Rhonda Parrish, editor of the highly anticipated Fae anthology, interviews contributor Laura VanArendonk Baugh.
What was the inspiration for your Fae story?
I’d been reading some months before on modern slavery, how there are about 29 million enslaved people today – not pinned by student loans or other things sometimes described as slavery, but real, captive, bought-and-sold slaves, used for forced labor or the sex industry. About 2 million of those are kids in the commercial sex trade. (See www.ijm.org for more information and ways to help fight modern slavery.)
Meanwhile, I saw a delightful production of A Midsummer Night’s Dream at our local repertory theater, and they had a lot of fun with the fairies. Jennifer Johansen, who played Titania, is one of my favorites, and her portrayal stuck in my mind, blurring Shakespeare’s Fairy Queen with the strength of other characters Jen has played.
The opening concept – immortality was evolution’s biggest mistake – had been in my idea file for years, waiting for an opportunity.
And then I over-dosed on dark chocolate and everything was a blur, and when I came to, “And Only the Eyes of Children” had happened.
Was this your first foray into writing fairy stories?
Sort of. I haven’t written much with traditional Western fae, but I’m definitely not new to folkloric fiction. My Kitsune Tales series is set in old Japan and revolves around the youkai there, sort of the equivalent of our fairy and monster collections.
Can you tell us a bit about the specific type of fairy creature in your story?
I departed a bit from traditional lore. Robin is half-Fae, an oddity resulting from the Fae’s (usually fruitless) attempt to breed. We’re given to understand that human-fae offspring are relatively rare and often carry a heavy biological penalty. Robin has to work at bit harder at many Fae skills, such as the use of magic, but it’s possible.
What is your favourite type of fairy, and why?
If I may go back to the Japanese youkai, Eastern fae, there are a lot of fun creatures from which to choose, and most are so very different from our own fairies. (An enormous disembodied foot which falls through your ceiling in the middle of the night and demands to be washed? A friendly household spirit made entirely of cast-off kitchen utensils?) But one of the most popular, and a personal favorite as well, is the kitsune, a shape-shifting fox.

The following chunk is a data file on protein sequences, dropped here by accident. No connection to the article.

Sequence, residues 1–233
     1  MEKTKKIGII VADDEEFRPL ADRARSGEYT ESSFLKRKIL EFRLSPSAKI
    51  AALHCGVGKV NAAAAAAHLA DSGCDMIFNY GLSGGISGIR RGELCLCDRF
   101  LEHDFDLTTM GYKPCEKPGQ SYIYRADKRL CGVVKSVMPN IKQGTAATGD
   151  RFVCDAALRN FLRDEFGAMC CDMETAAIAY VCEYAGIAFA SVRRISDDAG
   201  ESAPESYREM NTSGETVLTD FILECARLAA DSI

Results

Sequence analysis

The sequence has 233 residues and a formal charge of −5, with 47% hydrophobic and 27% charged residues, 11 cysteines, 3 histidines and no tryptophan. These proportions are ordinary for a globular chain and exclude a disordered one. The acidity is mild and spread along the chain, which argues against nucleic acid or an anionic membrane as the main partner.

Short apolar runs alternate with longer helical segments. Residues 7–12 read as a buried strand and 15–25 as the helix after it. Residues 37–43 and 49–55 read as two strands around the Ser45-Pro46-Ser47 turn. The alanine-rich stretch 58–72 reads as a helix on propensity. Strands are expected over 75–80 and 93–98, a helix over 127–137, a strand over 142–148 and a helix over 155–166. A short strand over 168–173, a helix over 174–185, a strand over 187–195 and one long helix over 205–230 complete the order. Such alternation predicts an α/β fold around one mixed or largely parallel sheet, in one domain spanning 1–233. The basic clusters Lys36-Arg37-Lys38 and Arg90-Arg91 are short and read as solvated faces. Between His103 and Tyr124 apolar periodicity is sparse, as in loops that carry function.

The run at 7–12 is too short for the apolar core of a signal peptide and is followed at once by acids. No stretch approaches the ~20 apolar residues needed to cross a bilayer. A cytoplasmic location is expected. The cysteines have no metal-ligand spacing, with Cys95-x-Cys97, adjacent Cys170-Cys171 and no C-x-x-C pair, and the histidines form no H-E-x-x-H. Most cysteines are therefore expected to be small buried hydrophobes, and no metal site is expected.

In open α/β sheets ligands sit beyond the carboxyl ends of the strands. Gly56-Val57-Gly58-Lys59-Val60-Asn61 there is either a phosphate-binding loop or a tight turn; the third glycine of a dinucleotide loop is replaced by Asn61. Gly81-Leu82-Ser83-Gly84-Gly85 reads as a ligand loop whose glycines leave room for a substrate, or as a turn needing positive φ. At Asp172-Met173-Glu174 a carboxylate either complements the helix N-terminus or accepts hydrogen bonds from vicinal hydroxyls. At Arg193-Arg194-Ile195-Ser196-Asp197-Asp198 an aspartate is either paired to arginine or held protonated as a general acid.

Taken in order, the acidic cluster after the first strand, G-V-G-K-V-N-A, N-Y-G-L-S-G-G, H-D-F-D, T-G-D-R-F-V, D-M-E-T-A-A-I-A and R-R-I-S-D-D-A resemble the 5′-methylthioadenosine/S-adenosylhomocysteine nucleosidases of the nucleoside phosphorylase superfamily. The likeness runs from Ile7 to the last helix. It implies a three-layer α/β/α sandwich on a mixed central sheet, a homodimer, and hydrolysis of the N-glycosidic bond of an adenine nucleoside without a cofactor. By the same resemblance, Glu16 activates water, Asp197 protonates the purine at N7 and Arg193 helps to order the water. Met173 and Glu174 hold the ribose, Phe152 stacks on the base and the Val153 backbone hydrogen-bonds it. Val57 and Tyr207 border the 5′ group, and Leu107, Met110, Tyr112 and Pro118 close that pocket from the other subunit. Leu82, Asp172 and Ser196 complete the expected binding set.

In western lore, the Other is usually easy to identify. But kitsune can take the form of a human, or even of a particular human you know well. And they may be benevolent or quite malicious, while they appear to be like us. So many possibilities!
Outside of your own writing, who is your favourite fairy character? (ie: Tinkerbell, Puck, etc.)
Ooh, a fun question!
I’m not sure I can say she’s my favorite, because I don’t think I like her, but I’m fascinated by Jim Butcher’s take on Queen Mab in The Dresden Files. And of course I’m not alone in thinking of Disney’s Maleficent in Sleeping Beauty as an iconic and delightfully scary fairy
Check out Laura's story, "And Only the Eyes of Children," in the anthology FAE.
Laura VanArendonk Baugh was born at a very early age and never looked back. She overcame childhood deficiencies of having been born without teeth or developed motor skills, and by the time she matured into a recognizable adult she had become a behavior analyst, an internationally-recognized and award-winning animal trainer, a popular costumer/cosplayer, a chocolate addict, and of course a writer. Now she has letters after her name and writes best-selling non-fiction as well as fiction in various flavors of historical and fantasy. Find her at www.LauraVanArendonkBaugh.com or on Twitter at @Laura_VAB.
World Weaver Press
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